Over the last two weeks, Green Bay has averaged just 77.0 rushing yards, and the 55 yards recorded against the Giants set a new season low. From Weeks 1-8, the Packers averaged 141.4 rushing yards and three times surpassed 180 in a single game.
Green Bay's current situation further demonstrates how the quarterback and running game have a symbiotic relationship.
With Rodgers healthy, defensive coordinators were forced to respect Green Bay's vertical passing game and play light in the box. Against five or six defenders, Eddie Lacy and James Starks routinely took advantage on the ground.
Now that Rodgers is on the sidelines, the danger in playing stacked fronts has diminished significantly, while the benefit of stopping the run has increased. Making a former undrafted free-agent quarterback beat you is obviously preferable over the alternative, in which the Packers continue running the football to make things easier on an inexperienced signal caller.
Rodgers affirmed as much on his weekly radio show with Jason Wilde of ESPN Milwaukee. The changes in how teams are playing the Packers have been clearly evident to the injured quarterback.
"Very aggressive defenses. They are pressing a lot," Rodgers said when asked how defenses are attacking Green Bay's current offense. "Playing almost exclusively one-high safety, and it's not a lot of zone, it's a lot of man."
"They are daring you to throw the football," Rodgers said. "They are saying 'we're going to stop the run, and dare you to throw the football.'"
Playing chicken with the Packers passing game was never in the cards with Rodgers under center.
While Tolzien has been impressive, taking shots down the field—he was a perfect 6-of-6 on passes traveling 15 or more yards Sunday against the Giants—his 619 passing yards over two games are mostly hollow.
The Packers are just 10-of-27 on third or fourth down with Tolzien, who currently has a passer rating of just over 40.0 on the two downs. Count the Chicago game, and Green Bay's third down conversion percentage drops to just 30.3, which ranks 25th in the NFL over that span. Rodgers had the Packers hovering around 45 percent in his first seven games.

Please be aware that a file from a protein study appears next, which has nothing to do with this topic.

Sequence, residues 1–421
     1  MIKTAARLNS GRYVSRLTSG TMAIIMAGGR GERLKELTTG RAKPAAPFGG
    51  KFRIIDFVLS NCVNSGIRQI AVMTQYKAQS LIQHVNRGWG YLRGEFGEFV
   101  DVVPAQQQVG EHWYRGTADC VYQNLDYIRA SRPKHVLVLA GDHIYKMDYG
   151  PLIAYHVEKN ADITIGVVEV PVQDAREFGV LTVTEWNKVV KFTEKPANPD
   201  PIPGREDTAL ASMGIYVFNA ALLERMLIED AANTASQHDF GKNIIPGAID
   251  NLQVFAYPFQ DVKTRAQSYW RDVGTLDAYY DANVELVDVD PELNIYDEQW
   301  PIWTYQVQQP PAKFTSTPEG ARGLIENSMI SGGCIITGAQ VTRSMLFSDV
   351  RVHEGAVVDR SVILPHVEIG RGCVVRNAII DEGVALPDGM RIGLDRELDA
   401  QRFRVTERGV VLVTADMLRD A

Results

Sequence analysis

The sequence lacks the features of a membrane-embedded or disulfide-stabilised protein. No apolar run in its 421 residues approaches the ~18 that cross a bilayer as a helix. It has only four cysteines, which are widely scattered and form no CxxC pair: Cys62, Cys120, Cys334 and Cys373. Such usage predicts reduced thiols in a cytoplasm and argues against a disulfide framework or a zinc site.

The red zone has been another problem area. While Rodgers had his own struggles earlier this season, Wallace and Tolzien have scored touchdowns on just 2-of-8 opportunities. Overall, the Packers' scoring percentage in the red zone ranks 32nd in the NFL over the last three games.
The difficulty for Green Bay is that none of these areas have easy fixes.
Turnovers will continue to be expected from a former undrafted free agent, who has just a month in a new offense. Defenses aren't going to stop putting seven, eight or even nine men in the box to stop the run. And third down and in the red zone remain the most difficult situations for an offense, regardless of quarterback.
The Packers can't even count on the defense or special teams to create takeaways (Green Bay is 28th in the NFL with just nine turnovers) or provide short fields to help a struggling offense.
No, the only reasonable solution to what ails the Packers is getting Rodgers back under center. But when that happens is anyone's best guess. He could shock the world and play Sunday against the Vikings, or just as easily miss the next two games and not play again until December.
One thing is certain: The Packers can't save a sinking season without Rodgers. The last three games have presented Green Bay with that harsh but undeniable truth.